GAY FILM REVIEWS BY MICHAEL D. KLEMM
Flight of the Cardinal
Waterbearer Films, 2010
Unrated, 87 minutes
"Life cannot go on without the mutual devouring of organisms"
The above quote from noted anthropologist Ernest Becker raises the curtain on Flight Of The Cardinal, a rather nifty thriller written and directed by Robert Gaston (OpenCam, 2 Minutes Later). The setting is a lodge in the middle of nowhere. A group of friends are stuck there because of an impending storm. They find themselves at the mercy of a charismatic sociopath who plays them against each other while he secretly plans to take over the proprietor's identity.
|Grady Wilson (Ross Beschler) is a failed actor who, in an attempt to re-invent himself, has purchased the Blue Waters Mountain Lodge in North Carolina’s Smokey Mountains. Grady is bipolar and taking prescription meds to combat his depression. Living out in the sticks has made him very lonely and he is looking forward to a weekend with his old friends.|
The guests arrive, feeling trepidation. Karen (Clare Bowerman) was Grady's agent and Rye (Jeremy Marr Williams) is her beau. Matthew Montgomery, perhaps the hardest working actor in queer film, plays Andy, the host's estranged boyfriend. Each had to live through Grady's failed suicide attempt and they look for signs that he might be losing it again. Matters aren't helped when Grady realizes that Andy hasn't come to visit; he's there to break up with him. His fragile health will be compromised by a basketload of baggage and betrayals that will explode over the course of the weekend.
|This tension is exploited by a young, homeless drifter named Beetle Hobbs (David J. Bonner). Grady buys pot from the kid. Beetle asks if he can work in the lodge over the weekend in exchange for a day's pay with room & board. Grady feels sorry for him and agrees. Big mistake. Beetle has his own agenda. Flight of the Cardinal opens with a bravura sequence in which a first person camera (representing Beetle's point of view) prowls through the lodge. A split screen shows Beetle's invasion while Grady is jogging. The intrusion seems playful at first: a hand inserts a piece on an unfinished jigsaw puzzle and scatters the balls on a billiard table. But then his actions become more malicious. Beetle pries into personal files on Grady's computer and reads the profiles of the upcoming guests. And then, just so we know this kid is not to be trusted, we watch him switch Grady's depression medicine with different pills, identical in color. This act of pure evil actually creeped me out.|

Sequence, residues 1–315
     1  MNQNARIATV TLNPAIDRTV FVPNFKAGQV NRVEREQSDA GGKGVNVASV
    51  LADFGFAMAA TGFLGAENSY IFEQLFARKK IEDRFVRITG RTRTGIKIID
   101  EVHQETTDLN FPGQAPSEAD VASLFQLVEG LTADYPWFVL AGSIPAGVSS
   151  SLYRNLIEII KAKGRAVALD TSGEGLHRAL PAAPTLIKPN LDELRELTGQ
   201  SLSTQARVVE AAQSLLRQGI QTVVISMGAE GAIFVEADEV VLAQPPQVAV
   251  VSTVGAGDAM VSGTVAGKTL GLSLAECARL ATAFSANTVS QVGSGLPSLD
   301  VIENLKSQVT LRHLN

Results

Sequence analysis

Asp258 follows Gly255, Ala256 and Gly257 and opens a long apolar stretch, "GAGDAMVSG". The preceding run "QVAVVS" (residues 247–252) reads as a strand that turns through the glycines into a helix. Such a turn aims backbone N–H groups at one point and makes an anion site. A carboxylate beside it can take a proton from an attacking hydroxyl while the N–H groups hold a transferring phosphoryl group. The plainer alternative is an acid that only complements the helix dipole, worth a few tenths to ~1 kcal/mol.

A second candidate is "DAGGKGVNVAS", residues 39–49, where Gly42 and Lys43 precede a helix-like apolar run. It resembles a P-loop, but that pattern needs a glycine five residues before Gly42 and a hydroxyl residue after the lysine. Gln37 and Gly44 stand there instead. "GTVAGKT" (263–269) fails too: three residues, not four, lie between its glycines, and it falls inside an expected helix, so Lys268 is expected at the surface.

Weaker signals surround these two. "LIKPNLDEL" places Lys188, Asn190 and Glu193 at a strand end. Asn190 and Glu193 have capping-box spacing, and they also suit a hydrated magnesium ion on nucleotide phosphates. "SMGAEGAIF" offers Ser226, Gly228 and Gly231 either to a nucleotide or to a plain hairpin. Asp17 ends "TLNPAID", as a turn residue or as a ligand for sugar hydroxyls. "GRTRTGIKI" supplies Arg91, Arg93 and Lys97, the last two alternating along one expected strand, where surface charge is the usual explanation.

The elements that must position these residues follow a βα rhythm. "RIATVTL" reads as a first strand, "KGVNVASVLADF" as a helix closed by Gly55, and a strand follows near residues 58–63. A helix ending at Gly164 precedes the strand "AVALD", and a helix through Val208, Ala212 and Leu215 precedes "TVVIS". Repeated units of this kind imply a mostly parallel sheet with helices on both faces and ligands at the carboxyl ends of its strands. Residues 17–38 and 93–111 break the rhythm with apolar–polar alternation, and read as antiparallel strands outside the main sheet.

|Beetle wheedles his way into everyone's good graces and no one suspects his motives. "With your Southern charm," Karen tells him, "and your looks, I'll bet you're a handful." Truer words were never spoken. As tensions in the lodge escalate, Beetle is always around a corner listening to everything that is said and then using it to his advantage later. As Grady unknowingly suffers withdrawal from his antidepressants, he becomes irritable, paranoid and finally violent. Beetle, like Shakespeare's Iago, whispers poison into his, and everybody else's, ears. He tells the guests that they are being watched on the surveillance cameras that are all over the lodge. The previous maid quit for that very reason, he "reluctantly" confesses, and then adds that he has suspected for some time now that Grady might be losing his mind.|
|Flight of the Cardinal is actually a quite satisfying thriller. This one is psychological and doesn't go for cheap shocks or thrills. The suspense builds slowly; it is subtle… like a film by Hitchcock or Polanski. There is humor at the right moments too. Beetle plays the tease with Andy (hell, he walks out of his room stark naked in front of him). Moments later, he invites Andy into his room to smoke a joint, pumps him for information about Grady and then backs off when Andy touches his leg. It is a funny scene but, the next day, Beetle tells Grady that Andy tried to rape him. This leads to a confrontation scene that is almost comical ("Oh please, he practically waved it in my face!") until Grady tries to strangle his ex. Humor and suspense blend when Grady finally figures out what is going on and plays a few of the same mind games on his tormenter.|